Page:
The advancement of technology in health care is ever-expanding. From gene therapy to life extension to ingestible nanotechnology, the developments can seem infinite and near-miraculous. But are we ready to accept them? Over the past few years, the Pew Research Center has conducted and published numerous surveys on the subject. We compiled the highlights to give you an idea of where we stand as a country on adopting various new practices into our health-care culture.
Wearable tracking devices for working out or wellness monitoring have become a billion-dollar business, but surveys show more people choose pen and paper or their memory. “Seven in ten (69%) U.S. adults track a health indicator for themselves or a loved one and many say this activity has changed their overall approach to health,” according to a new survey by the Pew Research Center’s Internet & American Life Project.
Biomedical technologies are on the rise in nearly every sector of the health-care industry. While many of the prospects seem exciting and encouraging, the majority of people remain skeptical. In 2016, the research center reported, “Americans are more worried than enthusiastic about using gene editing, brain chip implants and synthetic blood to change human capabilities.” When Americans are questioned about the prospect of these specific kinds of enhancements for healthy people, their views are cautious and often resistant:
- Majorities of U.S. adults say they would be “very” or “somewhat” worried about gene editing (68%), brain chips (69%) and synthetic blood (63%).
- More say they would not want enhancements of their brains and their blood (66% and 63%, respectively) than say they would want them (32% and 35%).
- U.S. adults are closely split on the question of whether they would want gene editing to help prevent diseases for their babies
- (48% would, 50% would not).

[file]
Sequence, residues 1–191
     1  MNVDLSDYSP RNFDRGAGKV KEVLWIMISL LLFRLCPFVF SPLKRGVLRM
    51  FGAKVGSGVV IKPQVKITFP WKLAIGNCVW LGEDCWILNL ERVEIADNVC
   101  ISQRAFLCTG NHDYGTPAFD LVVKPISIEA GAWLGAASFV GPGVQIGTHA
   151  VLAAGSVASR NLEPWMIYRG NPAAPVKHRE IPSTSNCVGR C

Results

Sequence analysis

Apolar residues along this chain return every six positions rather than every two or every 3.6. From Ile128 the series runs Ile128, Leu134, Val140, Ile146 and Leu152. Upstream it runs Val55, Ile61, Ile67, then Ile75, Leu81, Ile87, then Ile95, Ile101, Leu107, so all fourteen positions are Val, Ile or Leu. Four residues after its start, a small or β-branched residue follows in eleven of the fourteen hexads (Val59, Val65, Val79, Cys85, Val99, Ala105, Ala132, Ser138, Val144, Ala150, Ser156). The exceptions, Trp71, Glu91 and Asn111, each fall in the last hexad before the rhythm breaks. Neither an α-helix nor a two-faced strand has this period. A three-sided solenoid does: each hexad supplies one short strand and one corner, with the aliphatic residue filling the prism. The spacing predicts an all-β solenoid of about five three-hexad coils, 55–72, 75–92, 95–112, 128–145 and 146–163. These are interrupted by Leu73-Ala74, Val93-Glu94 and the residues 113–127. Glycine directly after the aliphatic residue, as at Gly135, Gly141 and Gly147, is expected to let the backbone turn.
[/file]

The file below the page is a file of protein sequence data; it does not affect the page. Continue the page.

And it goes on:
- At least seven in ten adults predict each of these new technologies will become available before they have been fully tested or understood.
- Majorities say these enhancements could exacerbate the divide between haves and have-nots.
- For instance, 73% believe inequality will increase if brain chips become available because initially they will be obtainable only by the wealthy.
Genetic engineering remains one of the most controversial subjects surrounding the future of health care and wellness. Conversations surrounding these topics include the following:
- About seven in ten Americans (72%) say that changing an unborn baby’s genetic characteristics to treat a serious disease or condition that the baby would have at birth is an appropriate use of medical technology.
- But just 19% of Americans say it would be appropriate to use gene editing to make a baby more intelligent.
In general, “most Americans accept genetic engineering of animals that benefits human health, but many oppose other uses,” according to a 2018 survey. Presented with five different scenarios of animal genetic engineering that are currently available, in development or considered possible in the future, Americans provide majority support only for the two that have clear potential to preempt or ameliorate human illness.
- 70% of Americans believe that genetically engineering mosquitoes to prevent their reproduction and therefore the spread of some mosquito-borne diseases would be an appropriate use of technology.
- 57% majority considers it appropriate to genetically engineer animals to grow organs or tissues that could be used for humans needing a transplant.
- 43% say the creation of more nutritious meat for human consumption is appropriate.
- 32% say restoring an extinct animal species from a closely related species is appropriate.
- 21% of Americans consider it an appropriate use of technology to genetically engineer aquarium fish to glow using a fluorescence gene, while 77% say this is taking technology too far.
Anti-Aging and Life Extension
Radically extending the lives of humans using wellness technologies isn’t a new topic; it’s discussed in Hollywood movies as often as in cutting-edge medical circles. But the reality of it has never been closer. However, not everyone sees it as a positive direction.
- 56% say they personally would not want medical treatments that slow the aging process.
- 69% say their ideal life span is between 79 and 100 years.
- 51% say medical treatments that slow the aging process are bad for society.
- 25% say the average person will live to at least 120 years old by the year 2050.